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Published January 31, 2001
Anu Garg: a, linguaphile who operates A
Word A Day
Suburban News Publications

Few people have a favorite dictionary for leisure reading and even fewer would choose the all-inclusive Oxford English Dictionary.

"It has over half a million words in 20 volumes and no word ever goes out, even if it's obsolete. It is a true record of the English language," Anu Garg said.

Anu Garg, who runs the e-mail service A Word A Day, poses at his East Columbus home in front of his computer and dictionaries. The Word A Day service, found on the Internet at, features a daily word, its etymology and a quote using the word.
Photo by Tim Nrman

The dictionary of dictionaries often serves as the fuel for Garg's passion, the A Word A Day "wordserver."

Garg's creation, located on the Internet at, provides a new word each day with its definition, usage, pronunciation and an inspiring quote of the day to more than 360,000 linguaphiles in 195 countries.

"The best thing about this is the community of linguaphiles ... I feel very privileged to be a part of it."

--Anu Garg
A Word A Day operator

Linguaphile (LING-gwuh-fyl): n, a lover of languages and words.

"I was always very fascinated with words and one day I thought it would be nice if everyday I signed on to my computer it would show me a new word," he said.

From this the word-a-day subscription service was born on March 14, 1994.

Through word of mouth -- and, later, coverage in more than 300 publications -- the server's popularity grew from 1,279 word lovers in 1994 to its present-day total.

"The best thing about this is the community of linguaphiles. They are very devoted and compassionate and provide good feedback and interesting ideas. I feel very privileged to be a part of it," Garg said.

Each week Garg chooses a theme and the words that will be sent to his subscribers. This week's theme is unusual synonyms.

Tocology, also known as the science of childbirth, is one of the words in this theme. Tokos, the root of the word, is Greek for childbirth but obstetrics is commonly used instead.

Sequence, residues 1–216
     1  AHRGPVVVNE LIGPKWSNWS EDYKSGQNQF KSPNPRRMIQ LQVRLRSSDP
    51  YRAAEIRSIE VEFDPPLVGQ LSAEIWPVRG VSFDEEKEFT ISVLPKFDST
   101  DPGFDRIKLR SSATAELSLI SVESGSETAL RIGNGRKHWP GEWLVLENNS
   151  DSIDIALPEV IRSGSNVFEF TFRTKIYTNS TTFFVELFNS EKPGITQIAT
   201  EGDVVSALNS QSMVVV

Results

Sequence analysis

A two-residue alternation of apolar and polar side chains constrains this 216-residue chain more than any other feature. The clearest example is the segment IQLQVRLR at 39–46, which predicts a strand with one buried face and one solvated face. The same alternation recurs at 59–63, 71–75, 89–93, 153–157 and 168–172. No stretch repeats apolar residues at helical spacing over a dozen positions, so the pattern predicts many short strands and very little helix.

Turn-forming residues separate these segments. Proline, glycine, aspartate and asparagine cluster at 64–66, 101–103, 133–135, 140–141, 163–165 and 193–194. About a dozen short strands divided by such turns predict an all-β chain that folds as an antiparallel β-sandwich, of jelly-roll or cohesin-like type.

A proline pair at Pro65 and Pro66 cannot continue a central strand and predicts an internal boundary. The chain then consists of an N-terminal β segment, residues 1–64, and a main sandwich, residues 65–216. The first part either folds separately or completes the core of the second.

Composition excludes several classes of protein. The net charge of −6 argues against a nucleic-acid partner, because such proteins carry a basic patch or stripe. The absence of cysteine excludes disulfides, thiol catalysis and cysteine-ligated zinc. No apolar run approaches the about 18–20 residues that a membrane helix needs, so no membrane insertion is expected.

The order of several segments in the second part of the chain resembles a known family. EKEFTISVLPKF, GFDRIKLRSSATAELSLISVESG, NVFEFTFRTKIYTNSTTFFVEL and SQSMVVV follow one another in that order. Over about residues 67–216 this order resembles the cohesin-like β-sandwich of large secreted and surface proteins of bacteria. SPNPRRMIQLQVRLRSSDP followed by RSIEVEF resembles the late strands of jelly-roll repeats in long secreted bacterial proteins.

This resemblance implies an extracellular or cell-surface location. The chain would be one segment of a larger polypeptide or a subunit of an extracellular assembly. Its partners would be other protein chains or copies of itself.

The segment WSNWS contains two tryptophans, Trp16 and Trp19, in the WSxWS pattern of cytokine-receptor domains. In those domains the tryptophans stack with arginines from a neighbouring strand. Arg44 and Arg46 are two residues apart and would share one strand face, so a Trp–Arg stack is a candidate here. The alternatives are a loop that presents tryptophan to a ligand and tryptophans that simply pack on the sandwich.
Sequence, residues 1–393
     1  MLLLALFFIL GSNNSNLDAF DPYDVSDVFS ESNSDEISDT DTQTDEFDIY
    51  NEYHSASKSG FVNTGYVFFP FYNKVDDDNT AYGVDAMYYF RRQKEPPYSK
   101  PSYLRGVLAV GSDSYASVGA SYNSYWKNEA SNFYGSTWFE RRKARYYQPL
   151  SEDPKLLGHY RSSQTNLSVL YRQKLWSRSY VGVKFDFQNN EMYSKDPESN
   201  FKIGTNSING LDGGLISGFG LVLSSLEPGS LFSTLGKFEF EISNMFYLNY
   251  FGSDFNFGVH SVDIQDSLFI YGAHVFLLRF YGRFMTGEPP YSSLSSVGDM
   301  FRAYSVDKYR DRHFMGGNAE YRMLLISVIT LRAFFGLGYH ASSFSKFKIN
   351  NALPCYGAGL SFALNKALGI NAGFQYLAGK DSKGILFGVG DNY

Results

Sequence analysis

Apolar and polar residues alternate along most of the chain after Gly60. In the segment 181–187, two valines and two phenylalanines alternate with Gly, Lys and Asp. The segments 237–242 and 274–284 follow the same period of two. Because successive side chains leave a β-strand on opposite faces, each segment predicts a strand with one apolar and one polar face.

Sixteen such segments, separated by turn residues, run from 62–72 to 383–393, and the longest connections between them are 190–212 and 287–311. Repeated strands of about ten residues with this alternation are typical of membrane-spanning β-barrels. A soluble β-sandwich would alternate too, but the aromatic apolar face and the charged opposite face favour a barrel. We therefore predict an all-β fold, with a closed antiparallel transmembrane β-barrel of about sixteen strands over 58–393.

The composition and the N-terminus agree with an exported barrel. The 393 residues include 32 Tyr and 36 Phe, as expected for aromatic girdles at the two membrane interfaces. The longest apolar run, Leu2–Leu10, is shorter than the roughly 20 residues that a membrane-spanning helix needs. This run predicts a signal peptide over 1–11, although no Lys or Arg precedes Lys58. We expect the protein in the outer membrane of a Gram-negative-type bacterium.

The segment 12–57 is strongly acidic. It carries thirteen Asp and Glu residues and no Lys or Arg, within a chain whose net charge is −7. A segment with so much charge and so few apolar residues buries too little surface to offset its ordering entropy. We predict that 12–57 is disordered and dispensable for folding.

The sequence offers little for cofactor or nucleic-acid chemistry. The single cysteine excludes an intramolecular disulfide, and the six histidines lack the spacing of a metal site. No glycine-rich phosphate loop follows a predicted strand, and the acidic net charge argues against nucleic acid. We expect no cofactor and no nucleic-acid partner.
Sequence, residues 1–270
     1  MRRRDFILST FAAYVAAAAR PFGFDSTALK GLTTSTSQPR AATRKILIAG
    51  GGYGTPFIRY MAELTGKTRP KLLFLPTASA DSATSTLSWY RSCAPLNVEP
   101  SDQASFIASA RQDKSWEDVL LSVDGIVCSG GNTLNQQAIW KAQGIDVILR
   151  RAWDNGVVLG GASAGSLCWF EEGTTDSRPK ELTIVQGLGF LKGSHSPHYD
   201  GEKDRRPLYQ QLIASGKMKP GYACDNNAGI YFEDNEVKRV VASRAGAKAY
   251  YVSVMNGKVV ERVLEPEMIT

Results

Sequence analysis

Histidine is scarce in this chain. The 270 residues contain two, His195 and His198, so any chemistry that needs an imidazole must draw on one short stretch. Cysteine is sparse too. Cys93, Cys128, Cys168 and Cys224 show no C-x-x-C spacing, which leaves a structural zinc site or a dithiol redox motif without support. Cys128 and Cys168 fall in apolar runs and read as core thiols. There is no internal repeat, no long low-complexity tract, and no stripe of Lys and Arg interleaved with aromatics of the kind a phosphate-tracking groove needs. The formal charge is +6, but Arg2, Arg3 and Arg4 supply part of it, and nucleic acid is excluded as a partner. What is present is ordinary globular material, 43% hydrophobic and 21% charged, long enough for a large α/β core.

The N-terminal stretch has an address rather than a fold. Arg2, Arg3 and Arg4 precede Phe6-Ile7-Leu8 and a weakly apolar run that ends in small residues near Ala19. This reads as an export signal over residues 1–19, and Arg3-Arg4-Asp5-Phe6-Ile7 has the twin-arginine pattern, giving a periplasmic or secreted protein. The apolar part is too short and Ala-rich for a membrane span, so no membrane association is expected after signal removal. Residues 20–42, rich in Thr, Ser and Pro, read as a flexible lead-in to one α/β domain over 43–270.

Garg was featured in the December 2000 issue of Smithsonian Magazine and has seen the wordserver's popularity swell even more since.

"It's interesting to see how far the Smithsonian Magazine goes. I've received e-mail from all over the world in response to that article," Garg said.

In addition to a daily word e-mailed to your computer, anyone can e-mail the wordserver and request a definition, synonym, anagram or that an acronym be expanded.

Having the server based as an e-mail utility instead of the many Web-based word-a-day servers found today helps because e-mail is the most-used application of the Internet. In 1994, it was far more popular than Web surfing, Garg said.

A subscription to the word-a-day service is free and only requires that one be a lover of words and have an e-mail address. To subscribe, go to

"Right now it's a labor of love but we are looking to generate revenue somehow in the future," he said. Garg said he isn't sure yet how he will use his Web site to make money but is considering a few alternatives including advertisements and corporate sponsorship.

More than 20 hours of research each week goes into selecting the themes and words and answering e-mail from subscribers and maintaining the site, which receives 12,000 hits every week, Garg said.

Stuti Garg, Anu Garg's wife, also spends much of her time with the wordserver recording the pronunciation of every word sent out.

Garg lives on Columbus' East Side and is a consultant for AT&T Labs in Reynoldsburg. He is from northern India and received his master's degree in computer science from Case Western Reserve University in Cleveland in 1995.